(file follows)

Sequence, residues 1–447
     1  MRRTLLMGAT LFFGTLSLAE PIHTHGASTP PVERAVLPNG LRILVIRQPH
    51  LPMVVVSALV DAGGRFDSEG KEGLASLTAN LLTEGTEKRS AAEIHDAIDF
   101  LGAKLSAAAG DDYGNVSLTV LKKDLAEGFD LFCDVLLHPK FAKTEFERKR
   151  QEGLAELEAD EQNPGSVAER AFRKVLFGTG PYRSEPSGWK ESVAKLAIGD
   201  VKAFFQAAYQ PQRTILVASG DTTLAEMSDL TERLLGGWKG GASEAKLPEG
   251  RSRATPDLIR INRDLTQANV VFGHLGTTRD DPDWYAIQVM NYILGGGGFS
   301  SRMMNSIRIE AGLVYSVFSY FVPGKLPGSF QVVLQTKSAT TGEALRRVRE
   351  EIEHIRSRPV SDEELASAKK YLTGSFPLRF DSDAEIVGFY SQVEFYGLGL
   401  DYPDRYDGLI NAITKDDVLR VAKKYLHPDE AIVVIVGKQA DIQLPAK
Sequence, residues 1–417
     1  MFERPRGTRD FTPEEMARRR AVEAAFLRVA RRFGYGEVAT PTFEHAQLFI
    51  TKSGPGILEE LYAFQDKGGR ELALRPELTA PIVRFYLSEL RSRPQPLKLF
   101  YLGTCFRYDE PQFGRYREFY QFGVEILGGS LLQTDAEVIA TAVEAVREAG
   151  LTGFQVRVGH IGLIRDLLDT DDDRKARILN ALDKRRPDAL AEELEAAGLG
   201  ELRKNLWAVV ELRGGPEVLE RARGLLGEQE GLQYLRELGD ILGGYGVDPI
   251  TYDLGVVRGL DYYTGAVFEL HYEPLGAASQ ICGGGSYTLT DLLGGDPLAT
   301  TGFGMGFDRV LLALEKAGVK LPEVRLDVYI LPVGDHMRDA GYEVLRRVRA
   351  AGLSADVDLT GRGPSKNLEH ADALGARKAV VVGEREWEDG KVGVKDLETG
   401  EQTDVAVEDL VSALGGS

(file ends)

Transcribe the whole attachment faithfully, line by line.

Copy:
Sequence, residues 1–447
     1  MRRTLLMGAT LFFGTLSLAE PIHTHGASTP PVERAVLPNG LRILVIRQPH
    51  LPMVVVSALV DAGGRFDSEG KEGLASLTAN LLTEGTEKRS AAEIHDAIDF
   101  LGAKLSAAAG DDYGNVSLTV LKKDLAEGFD LFCDVLLHPK FAKTEFERKR
   151  QEGLAELEAD EQNPGSVAER AFRKVLFGTG PYRSEPSGWK ESVAKLAIGD
   201  VKAFFQAAYQ PQRTILVASG DTTLAEMSDL TERLLGGWKG GASEAKLPEG
   251  RSRATPDLIR INRDLTQANV VFGHLGTTRD DPDWYAIQVM NYILGGGGFS
   301  SRMMNSIRIE AGLVYSVFSY FVPGKLPGSF QVVLQTKSAT TGEALRRVRE
   351  EIEHIRSRPV SDEELASAKK YLTGSFPLRF DSDAEIVGFY SQVEFYGLGL
   401  DYPDRYDGLI NAITKDDVLR VAKKYLHPDE AIVVIVGKQA DIQLPAK
Sequence, residues 1–417
     1  MFERPRGTRD FTPEEMARRR AVEAAFLRVA RRFGYGEVAT PTFEHAQLFI
    51  TKSGPGILEE LYAFQDKGGR ELALRPELTA PIVRFYLSEL RSRPQPLKLF
   101  YLGTCFRYDE PQFGRYREFY QFGVEILGGS LLQTDAEVIA TAVEAVREAG
   151  LTGFQVRVGH IGLIRDLLDT DDDRKARILN ALDKRRPDAL AEELEAAGLG
   201  ELRKNLWAVV ELRGGPEVLE RARGLLGEQE GLQYLRELGD ILGGYGVDPI
   251  TYDLGVVRGL DYYTGAVFEL HYEPLGAASQ ICGGGSYTLT DLLGGDPLAT
   301  TGFGMGFDRV LLALEKAGVK LPEVRLDVYI LPVGDHMRDA GYEVLRRVRA
   351  AGLSADVDLT GRGPSKNLEH ADALGARKAV VVGEREWEDG KVGVKDLETG
   401  EQTDVAVEDL VSALGGS